A man named Jennings (Ben Affleck) is a skilled reverse engineer for hire. People, or even companies, can hire Jennings to do jobs, and once the task is done his memory is wholly wiped, leaving him with no knowledge of his actions. The duration of these jobs is typically a couple of weeks. It is easy money for Jennings, but he has hopes to one day gain a bigger score and the ultimate “Paycheck”.
One day a close friend of Jennings approaches him with a job unlike anything he has ever done before. Unlike his previous jobs, Jennings is asked to conduct three years of work with the standard memory wipe at the end. He is offered a large sum of money along with company stock and shares, all of which will set Jennings up for life. Naturally, Jennings cannot refuse such a fair offer. He accepts, and soon wakes up having completed the three-year job with no memories attached.
As promised, Jennings discovers a large sum of money in his bank account along with the stocks and shares as per his agreement. But unfortunately for Jennings he soon discovers not anything is what is seems. Jennings actually has nothing, and he is broke! All he has is an envelope that he left himself. Inside the envelope are several strange and pointless objects which seem silly to Jennings. But little does he know that these objects have an essential part to play. Jennings is now seeking answers and consistently questioning what he’s been doing for the last three years, all while being hunted down by a group of armed men.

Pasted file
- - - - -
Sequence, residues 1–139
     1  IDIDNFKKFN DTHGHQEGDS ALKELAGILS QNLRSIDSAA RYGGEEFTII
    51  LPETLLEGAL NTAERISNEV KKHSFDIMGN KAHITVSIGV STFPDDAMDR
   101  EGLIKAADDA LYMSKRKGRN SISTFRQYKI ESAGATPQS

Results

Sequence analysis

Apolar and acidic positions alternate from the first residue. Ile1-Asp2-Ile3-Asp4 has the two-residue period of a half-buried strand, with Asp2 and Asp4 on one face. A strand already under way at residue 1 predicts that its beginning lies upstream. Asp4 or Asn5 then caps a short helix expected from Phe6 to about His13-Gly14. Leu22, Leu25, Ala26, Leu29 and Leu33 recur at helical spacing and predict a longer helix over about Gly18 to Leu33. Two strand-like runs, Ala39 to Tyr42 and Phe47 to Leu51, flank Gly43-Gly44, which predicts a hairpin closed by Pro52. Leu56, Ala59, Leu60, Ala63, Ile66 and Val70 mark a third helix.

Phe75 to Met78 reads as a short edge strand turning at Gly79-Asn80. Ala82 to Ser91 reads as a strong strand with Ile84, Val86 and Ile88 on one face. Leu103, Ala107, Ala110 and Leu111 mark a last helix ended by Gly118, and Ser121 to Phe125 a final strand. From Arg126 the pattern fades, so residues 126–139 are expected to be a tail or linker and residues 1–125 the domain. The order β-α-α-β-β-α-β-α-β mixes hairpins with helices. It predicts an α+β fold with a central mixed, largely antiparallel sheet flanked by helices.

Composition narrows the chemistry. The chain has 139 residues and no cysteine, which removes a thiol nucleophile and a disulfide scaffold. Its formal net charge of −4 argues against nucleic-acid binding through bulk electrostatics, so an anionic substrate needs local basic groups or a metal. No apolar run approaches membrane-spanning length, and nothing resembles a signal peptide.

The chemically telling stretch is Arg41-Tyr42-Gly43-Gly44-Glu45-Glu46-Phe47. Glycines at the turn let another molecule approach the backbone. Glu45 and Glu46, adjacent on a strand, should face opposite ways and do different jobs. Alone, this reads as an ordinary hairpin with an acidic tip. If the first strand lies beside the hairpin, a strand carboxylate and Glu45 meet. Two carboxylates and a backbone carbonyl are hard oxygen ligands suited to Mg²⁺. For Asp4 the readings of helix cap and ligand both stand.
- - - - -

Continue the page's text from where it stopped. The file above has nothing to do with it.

This film was directed by John Woo, who was very big in the ’90s. John Woo directed many action hits including Broken Arrow, Face/Off along with Mission Impossible II. This time the director tackles a different style of action by mixing it with an element of sci-fi. I enjoyed the world that is created in Paycheck and the action sequences are also stunning and pleasing.
While I love the creative world within this film, one element that is extremely disappointing are the performances from Ben Affleck and Uma Thurman. Their performances and characters are certainly a weaker aspect in this film as they both seem quite vague and filled with cheesy dialogue. The relationship between the two characters is also challenging to accept on-screen. The plot is generally fun, but there are moments that are predictable. Viewers will quickly learn which shots, objects and conversations are to be used again later in the film.
Overall, for the most part this film is a brainless sci-fi action flick which somewhat differs from the directors’ previous work. The action sequences are quite pleasing, particularly in the film’s final act, including a stunning motorbike sequence. The mystery here is also fun as viewers discover the truth along with the lead character. Unfortunately, Paycheck is also filled with quite dull performances from both Ben Affleck and Uma Thurman (which genuinely shocked me!). Poor performances mean it is hard to enjoy the key characters for the full duration. Would proudly suggest movie lovers check this out if you enjoy titles such as Total Recall or Minority Report.
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Review Written by Peter Walkden